Following the bait-and-switch strategy, the authors isolated HPIV3-binding B cells. Supernatants were incubated with live HPIV1, and one antibody (called 3x1) was found to neutralize HPIV1. 3x1 antibody showed a high neutralization potency against both HPIV1 and HPIV3 by plaque assay. "These results describe an antigenic site in HPIV3 that is conserved in HPIV1, which we have named site X," said Dr. Boonyaratanakornkit. In addition, the authors investigated HPIV3 preFbinding to the 3x1 antibody using cryo-electron microscopy. Dr. Boonyaratanakornkit explained that "we could see how 3x1 could block both HPIV3 and HPIV1 infection by binding to a heptad repeat and preventing the viral fusion protein from transitioning between the prefusion and postfusion conformations.” The authors also isolated RSV and HMPV binding B cells from human blood and isolated an antibody that binds to RSV and HMPV (named MxR). MxR showed high neutralization potency against RSV and HMPV. Additionally, cryo-electron microscopy was used to validate the interaction between RSV preF and MxR antibody.
Lastly, the authors assessed the efficacy of both antibodies as prophylaxis agents against viral infection in vivo. To do so, hamsters were injected with either 3x1 or MxR antibody two days before intranasal infection with RSV, HPMV, or HPIV1. The lungs and nasal turbinates were harvested after 5 days. In lungs and nasal turbinates, prophylactic administration of MxR reduced RSV and HPMV replication. Replication of HPIV1 was completely blocked in the lungs and reduced in the nasal turbinates. Moreover, the authors tested whether both antibodies could provide broader protection against RSV, HMPV, HPIV1 and HPIV3. It is particularly relevant for patients who are immunocompromised since co-infection with multiple respiratory viruses has been linked to the worse outcomes. Hamsters were injected with both 3x1 and MxR antibodies two days before intranasal co-infection with RSV and HPIV3. The cocktail of antibodies reduced HPIV3 viral load in lungs significantly, but not in nasal turbinates. RSV viral load in lungs and nasal turbinates was significantly reduced by the cocktail of antibodies.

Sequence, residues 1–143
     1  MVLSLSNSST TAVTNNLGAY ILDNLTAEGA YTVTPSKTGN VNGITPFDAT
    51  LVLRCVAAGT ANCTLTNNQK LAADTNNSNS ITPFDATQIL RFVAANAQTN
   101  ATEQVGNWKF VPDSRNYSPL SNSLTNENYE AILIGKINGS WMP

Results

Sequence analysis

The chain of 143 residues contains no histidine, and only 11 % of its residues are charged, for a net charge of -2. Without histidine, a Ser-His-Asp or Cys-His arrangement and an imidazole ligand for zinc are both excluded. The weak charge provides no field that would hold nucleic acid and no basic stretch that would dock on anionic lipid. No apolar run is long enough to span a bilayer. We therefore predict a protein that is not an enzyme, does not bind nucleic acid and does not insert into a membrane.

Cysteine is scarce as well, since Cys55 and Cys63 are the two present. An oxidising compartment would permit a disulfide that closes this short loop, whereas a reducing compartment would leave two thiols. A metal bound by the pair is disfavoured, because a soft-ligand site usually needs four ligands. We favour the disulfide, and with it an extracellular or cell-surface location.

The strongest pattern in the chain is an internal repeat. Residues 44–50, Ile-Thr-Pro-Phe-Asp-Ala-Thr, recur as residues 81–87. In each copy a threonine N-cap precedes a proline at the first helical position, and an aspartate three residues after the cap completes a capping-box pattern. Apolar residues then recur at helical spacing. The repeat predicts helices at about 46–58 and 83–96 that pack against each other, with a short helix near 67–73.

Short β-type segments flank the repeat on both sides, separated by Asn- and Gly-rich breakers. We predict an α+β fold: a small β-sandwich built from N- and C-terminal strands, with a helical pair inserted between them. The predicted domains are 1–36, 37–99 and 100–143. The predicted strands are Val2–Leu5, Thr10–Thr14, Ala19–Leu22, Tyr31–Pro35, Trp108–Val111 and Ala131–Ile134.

Overall, these results suggest that prophylactic administration of both antibodies against HPIV3 and RSV co-infection in vivo was effective. “Our antibodies are cross-protective because they bind to evolutionarily conserved antigenic sites,” said Dr. Boonyaratanakornkit. However, “this conserved binding site is not an iron-clad guarantee against viral escape and the development of resistance” he added. Dr. Boonyaratanakornkit's team is working on “developing an immunocompromised hamster model to test our antibodies,” because “this model would more closely recapitulate the target population of immunocompromised patients" he said.
This spotlighted research was supported by the Vaccine and Infectious Disease Division Faculty Initiative and Evergreen Beyond Pilot Award from the Fred Hutchinson Cancer Center, the American Society for Transplantation and Cellular Therapy, and the Amy Strelzer Manasevit Award from the National Marrow Donor Program and National Institute of Health.
Fred Hutch/University of Washington/Seattle Children's Cancer Consortium member Dr. Marie Pancera contributed to this work.
Cabán M, Rodarte JV, Bibby M, Gray MD, Taylor JJ, Pancera M, Boonyaratanakornkit J. Cross-protective antibodies against common endemic respiratory viruses. Nat Commun. 2023 Feb 13;14(1):798. doi: 10.1038/s41467-023-36459-3.